VirtualBox at home is different - nice GUI, works under both Windows and Linux, no problems with drivers. I use it for test server setups. Still isn't quite a finished product, though. I have the impression that performance is a bit slower than Xen, although the two systems work in different ways (VirtualBox doesn't make use of the hardware virtualisation facilities, it uses its own techniques). I'm going to be upgrading my home desktop machine to a duel-core processor, so we'll see how it runs on that. Should be possible to transfer virtual machine images between the desktop running Windows and the server running Ubuntu.

    I didn't try for a cluster setup for the Xen machines - seemingly this requires iSCISI devices, which sounds like another layer of processing to slow things down, really. Moving Xen VMs around proves to be a tad more tricky than it first seems - the VMs exist on sparse files created with dd, which is fine, until you try to copy them, at which point they seem to become non-sparse files... So if you have a disk image file that you've set to take up 400GB (because you start with a large file size because Xen doesn't allow you to resize files...), then copy it to clone the machine, you need a lot of disk space.

    --
    David Hicks

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    Geoff's Avatar
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    Re: Starting out with VM: Opinions sought

    cp should handle sparse files just fine. For other things, you need to abuse tar.

    Code:
    tar -Scf - sparse.file | ( cd copy; tar -xf -)
    Is the same as

    Code:
    cp sparse.file copy/

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    tmcd35's Avatar
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    Re: Starting out with VM: Opinions sought

    Quote Originally Posted by ajbritton

    I'd be interested to know what sort of thing you are planning to virtualize. Do you have a disaster recovery plan in plan if the actual box should fail?
    Well, the original spec was for 4-cores and 8Gb Ram. Then we were looking very heavily at an MIS (forget it's name) that relied heavily on MS SQL so we beefed up the spec to cope. When we decide to go with E1 nobody thought to reduce the spec again

    We have around 7 servers which we are consolidating and then spreading their current workloads over multiple virtualised servers.

    Basically it the usual mix of File servers, Application Servers, Web Servers, Databases and Print Servers.

    Eventually, towards the end of the consolidation phase next year, the best of our existing servers will be given more RAM and a copy of ESX to balance the load and provide a level of redundancy.

    We have a 2TB NAS box that the VM's are being backed upto once a term. This will be stored off-site and provide DR if the worst should happen.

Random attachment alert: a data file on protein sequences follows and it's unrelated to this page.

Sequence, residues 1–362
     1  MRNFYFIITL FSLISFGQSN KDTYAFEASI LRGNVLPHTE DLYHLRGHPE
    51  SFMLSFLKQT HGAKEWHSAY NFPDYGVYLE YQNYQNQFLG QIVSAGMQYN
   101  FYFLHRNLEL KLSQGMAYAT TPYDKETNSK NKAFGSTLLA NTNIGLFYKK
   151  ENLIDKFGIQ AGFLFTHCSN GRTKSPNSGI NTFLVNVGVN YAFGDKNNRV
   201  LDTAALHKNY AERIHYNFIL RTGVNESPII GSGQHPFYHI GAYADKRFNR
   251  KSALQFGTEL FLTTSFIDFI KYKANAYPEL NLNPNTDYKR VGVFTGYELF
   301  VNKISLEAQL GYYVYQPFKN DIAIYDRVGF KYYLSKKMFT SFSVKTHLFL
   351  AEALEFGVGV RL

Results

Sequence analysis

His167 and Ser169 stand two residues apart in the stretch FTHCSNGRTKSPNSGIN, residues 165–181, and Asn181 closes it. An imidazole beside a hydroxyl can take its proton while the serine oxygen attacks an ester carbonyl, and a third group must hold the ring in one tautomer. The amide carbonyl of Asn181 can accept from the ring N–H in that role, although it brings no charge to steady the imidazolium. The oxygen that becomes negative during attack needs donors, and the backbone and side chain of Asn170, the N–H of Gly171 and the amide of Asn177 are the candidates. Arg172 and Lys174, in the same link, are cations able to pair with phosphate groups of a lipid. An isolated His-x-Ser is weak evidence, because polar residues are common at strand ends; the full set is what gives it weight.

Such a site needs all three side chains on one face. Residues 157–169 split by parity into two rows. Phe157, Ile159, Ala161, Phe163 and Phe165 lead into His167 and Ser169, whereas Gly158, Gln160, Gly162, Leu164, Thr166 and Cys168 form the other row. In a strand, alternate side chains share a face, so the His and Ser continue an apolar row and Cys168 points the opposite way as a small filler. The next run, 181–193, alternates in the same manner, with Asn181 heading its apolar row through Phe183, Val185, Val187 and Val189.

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    Re: Starting out with VM: Opinions sought

    Quote Originally Posted by ajbritton
    Quote Originally Posted by tmcd35
    We've just had a Dual-Quad Core (yep 8-core's) 16Gb HP ProLient delivered so we can consolidate our growing number of servers.
    I'd be interested to know what sort of thing you are planning to virtualize. Do you have a disaster recovery plan in plan if the actual box should fail?
    I don't know what the OP is planning to do but one of the excellent things about a VM is that it's incredibly easy to backup and, if the host fails, you just put the backup onto AN Other machine and off you go.

    Of course, you want a fairly high spec machine but even a reasonable desktop these days would let you access most of the things you might have on a server (although a bit more slowly)

    We've been using VMs for learning with for a while (MS Virtual Server centrally and MS Virtual PC in classrooms); we're just about to virtualise some "live" servers so I have my fingers crossed (which does make typing difficult!)

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    contink's Avatar
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    Re: Starting out with VM: Opinions sought

    Quote Originally Posted by contink
    Next up is one of network security...

    I'm keen to make the Ubuntu server useable over the internet but obviously I want to reduce the potential for security exploits, etc... I'm currently using a smoothwall homebrew for the firewall but I'm unsure as to the security implications re: a VirtualServer setup when putting a physical machine on both the LAN and either the DMZ or in front of the firewall. Any tips there would help... I can always go with a seperate physical machine if needs be but obviously that kinda defeats the purpose of things.
    Thanks for all the comment so far...

    The bit above is now the big question I'd like answered as obviously I don't want to leave the server wide open to abuse.

    Having looked around it seems that the server would basically be as secure as the least secure OS, in particular the VMWare and host OS which makes sense and I guess leaves me somewhat wary of putting a vmware server on to the net without trying things out a bit first.

    If nothing else I'm thinking that two seperate servers is a good plan.. one in the DMZ with the other in the LAN.

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    Ric_'s Avatar
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    Re: Starting out with VM: Opinions sought

    @contink: With some clever virtual network adapters and VLAN configuration you could separate out your DMZ machines.

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    contink's Avatar
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    Re: Starting out with VM: Opinions sought

    Quote Originally Posted by Ric_
    @contink: With some clever virtual network adapters and VLAN configuration you could separate out your DMZ machines.
    Unfortunately I have to admit that VLAN is something I need to learn more about and right now I have to limit my book and learning time somewhat.

    The expression, a little knowledge is a dangerous thing, springs to mind.

    I'd be interested in what this would involve but right now I figure 2 seperate machines is a good start to get used to VM without leaving my LAN open.